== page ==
New Zealand cricketer Jimmy Neesham has his bat drilled as American customs officials check for drugs
All-rounder is playing in the Caribbean Premier League
Friday 08 August 2014
Kiwi cricketer Jimmy Neesham was left without a bat when customs officials decided to drill his bat full of holes to check for drugs.
The New Zealand all-rounder was travelling through the US with his team the Guyana Amazon Warriors of the Caribbean Premier League.
Neesham took to Twitter to express his thoughts: "Imagine if your cricket gear went through America and they drilled holes in your bat to look for drugs..." he said.
The 23-year-old has played four Tests and 11 ODIs for New Zealand.
He had earlier scored nine runs for the Warriors in that bats final innings.
Latest in Sport
Floyd Mayweather vs Manny Pacquiao live: Mayweather puts on defensive masterclass to win by unanimous decision
What time does Floyd Mayweather vs Manny Pacquiao begin on Sky Sports Box Office?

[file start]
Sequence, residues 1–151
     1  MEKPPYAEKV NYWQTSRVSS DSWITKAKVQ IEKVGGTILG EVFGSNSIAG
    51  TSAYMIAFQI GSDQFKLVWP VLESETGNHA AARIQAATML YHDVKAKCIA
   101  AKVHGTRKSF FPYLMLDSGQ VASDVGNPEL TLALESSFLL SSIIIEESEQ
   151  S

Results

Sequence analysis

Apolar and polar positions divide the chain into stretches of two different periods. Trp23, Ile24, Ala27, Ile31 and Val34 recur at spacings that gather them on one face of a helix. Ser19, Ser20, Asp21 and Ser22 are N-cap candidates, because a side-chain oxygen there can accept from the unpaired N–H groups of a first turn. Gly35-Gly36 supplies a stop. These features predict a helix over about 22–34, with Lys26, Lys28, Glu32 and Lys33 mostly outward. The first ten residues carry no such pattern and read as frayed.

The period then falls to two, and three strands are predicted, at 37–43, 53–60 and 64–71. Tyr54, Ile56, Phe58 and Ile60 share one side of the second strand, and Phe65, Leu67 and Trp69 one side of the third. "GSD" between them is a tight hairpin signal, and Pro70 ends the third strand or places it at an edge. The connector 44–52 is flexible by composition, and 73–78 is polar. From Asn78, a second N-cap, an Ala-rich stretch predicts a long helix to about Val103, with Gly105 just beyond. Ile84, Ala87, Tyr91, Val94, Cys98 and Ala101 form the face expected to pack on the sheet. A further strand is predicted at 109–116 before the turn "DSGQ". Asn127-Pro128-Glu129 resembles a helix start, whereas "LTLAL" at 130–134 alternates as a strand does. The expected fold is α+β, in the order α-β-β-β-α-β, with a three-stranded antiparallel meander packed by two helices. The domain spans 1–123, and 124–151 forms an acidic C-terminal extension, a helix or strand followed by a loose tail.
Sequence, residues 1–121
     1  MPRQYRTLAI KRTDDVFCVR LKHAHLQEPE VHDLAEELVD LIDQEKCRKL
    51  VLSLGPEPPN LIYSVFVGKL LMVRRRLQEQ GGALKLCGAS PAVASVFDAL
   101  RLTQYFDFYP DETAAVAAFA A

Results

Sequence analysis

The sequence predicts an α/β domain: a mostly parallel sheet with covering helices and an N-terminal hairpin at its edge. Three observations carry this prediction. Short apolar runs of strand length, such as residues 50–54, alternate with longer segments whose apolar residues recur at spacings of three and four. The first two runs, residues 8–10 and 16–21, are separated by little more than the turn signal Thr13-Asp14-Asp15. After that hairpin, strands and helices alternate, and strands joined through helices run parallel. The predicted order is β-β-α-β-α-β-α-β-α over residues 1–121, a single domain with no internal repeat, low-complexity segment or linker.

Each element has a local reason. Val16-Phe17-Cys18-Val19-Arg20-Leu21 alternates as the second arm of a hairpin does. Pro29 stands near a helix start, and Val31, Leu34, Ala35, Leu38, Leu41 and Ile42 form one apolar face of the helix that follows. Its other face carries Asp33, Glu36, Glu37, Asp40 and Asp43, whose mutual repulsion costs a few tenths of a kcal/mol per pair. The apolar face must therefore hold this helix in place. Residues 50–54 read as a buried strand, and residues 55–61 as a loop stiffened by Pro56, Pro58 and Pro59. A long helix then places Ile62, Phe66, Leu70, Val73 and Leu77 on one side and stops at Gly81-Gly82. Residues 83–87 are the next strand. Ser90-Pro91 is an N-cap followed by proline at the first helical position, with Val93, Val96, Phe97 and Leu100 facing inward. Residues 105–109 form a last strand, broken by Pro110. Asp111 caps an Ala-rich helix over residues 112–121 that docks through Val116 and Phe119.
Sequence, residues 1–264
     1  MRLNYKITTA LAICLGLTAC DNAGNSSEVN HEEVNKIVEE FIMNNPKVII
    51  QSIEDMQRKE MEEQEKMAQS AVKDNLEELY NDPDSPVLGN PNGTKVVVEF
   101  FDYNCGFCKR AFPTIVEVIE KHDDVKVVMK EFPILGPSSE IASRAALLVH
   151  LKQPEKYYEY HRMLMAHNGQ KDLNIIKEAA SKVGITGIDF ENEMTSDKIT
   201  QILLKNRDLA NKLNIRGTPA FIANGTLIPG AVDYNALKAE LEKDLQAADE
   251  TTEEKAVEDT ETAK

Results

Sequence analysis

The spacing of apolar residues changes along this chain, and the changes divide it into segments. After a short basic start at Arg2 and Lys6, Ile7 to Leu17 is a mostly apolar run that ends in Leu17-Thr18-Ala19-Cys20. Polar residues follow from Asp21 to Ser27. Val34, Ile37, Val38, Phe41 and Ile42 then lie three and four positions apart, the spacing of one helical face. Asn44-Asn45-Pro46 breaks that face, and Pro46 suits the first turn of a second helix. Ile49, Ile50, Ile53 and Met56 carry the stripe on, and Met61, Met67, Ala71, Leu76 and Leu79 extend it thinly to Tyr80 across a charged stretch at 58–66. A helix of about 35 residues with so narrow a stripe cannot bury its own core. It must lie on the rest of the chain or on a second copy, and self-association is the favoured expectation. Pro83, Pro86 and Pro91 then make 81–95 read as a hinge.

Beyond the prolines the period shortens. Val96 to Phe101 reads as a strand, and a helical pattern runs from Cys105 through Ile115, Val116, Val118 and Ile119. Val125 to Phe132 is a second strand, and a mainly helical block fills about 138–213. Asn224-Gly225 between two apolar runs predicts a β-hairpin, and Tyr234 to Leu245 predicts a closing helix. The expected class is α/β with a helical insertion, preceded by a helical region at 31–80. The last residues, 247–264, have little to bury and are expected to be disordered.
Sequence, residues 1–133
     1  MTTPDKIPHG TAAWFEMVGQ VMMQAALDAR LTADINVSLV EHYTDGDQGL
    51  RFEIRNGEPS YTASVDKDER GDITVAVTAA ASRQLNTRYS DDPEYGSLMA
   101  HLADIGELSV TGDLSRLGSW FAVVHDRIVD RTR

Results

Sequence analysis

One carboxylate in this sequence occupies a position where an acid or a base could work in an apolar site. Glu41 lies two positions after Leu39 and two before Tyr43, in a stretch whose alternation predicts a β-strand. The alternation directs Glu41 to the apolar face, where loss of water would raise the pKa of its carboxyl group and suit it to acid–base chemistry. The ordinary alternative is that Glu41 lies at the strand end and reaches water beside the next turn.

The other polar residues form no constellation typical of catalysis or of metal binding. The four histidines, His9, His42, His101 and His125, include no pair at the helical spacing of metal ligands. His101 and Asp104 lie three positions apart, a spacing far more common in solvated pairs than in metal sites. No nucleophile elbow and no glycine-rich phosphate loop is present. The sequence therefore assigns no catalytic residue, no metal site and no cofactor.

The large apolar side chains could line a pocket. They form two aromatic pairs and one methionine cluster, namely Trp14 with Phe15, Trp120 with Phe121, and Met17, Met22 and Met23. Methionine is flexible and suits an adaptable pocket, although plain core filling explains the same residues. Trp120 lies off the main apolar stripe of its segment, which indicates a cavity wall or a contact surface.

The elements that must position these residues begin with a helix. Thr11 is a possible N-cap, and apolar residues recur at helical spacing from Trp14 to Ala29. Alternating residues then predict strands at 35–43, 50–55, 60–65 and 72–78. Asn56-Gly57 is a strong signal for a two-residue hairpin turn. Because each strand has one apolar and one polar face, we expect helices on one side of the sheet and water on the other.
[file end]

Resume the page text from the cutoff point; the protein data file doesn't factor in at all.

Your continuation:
Floyd Mayweather vs Manny Pacquiao: What time does the fight start and what channel is it on?
Floyd Mayweather vs Manny Pacquiao: Only 132 pubs in the United Kingdom will show the fight - so where can you watch it?
Floyd Mayweather beats Manny Pacquiao by a unanimous points decision - but Pacquiao thinks he should have won, saying 'he did nothing'
- 1 Which country would be hardest to invade?
- 2 The man who filmed the Freddie Gray video has been arrested at gunpoint
- 4 How the language you speak changes your view of the world
- 5 Royal baby girl born: Duchess of Cambridge's second child will be a princess thanks to Queen
Over 50,000 families shipped out of London boroughs in the past three years due to welfare cuts and soaring rents
EU asylum policy is 'a direct threat to our civilisation', says Nigel Farage
The Rothschild Libel: Why has it taken 200 years for an anti-Semitic slur that emerged from the Battle of Waterloo to be dismissed?
General Election 2015: SNP and its activists 'openly racist' towards the English, Farage says
General Election 2015: UK will be 'run for the wealthy and powerful' if Tories retain power, Labour warns
Schools forced to act as 'miniature welfare states' with teachers buying underwear and even haircuts for poor pupils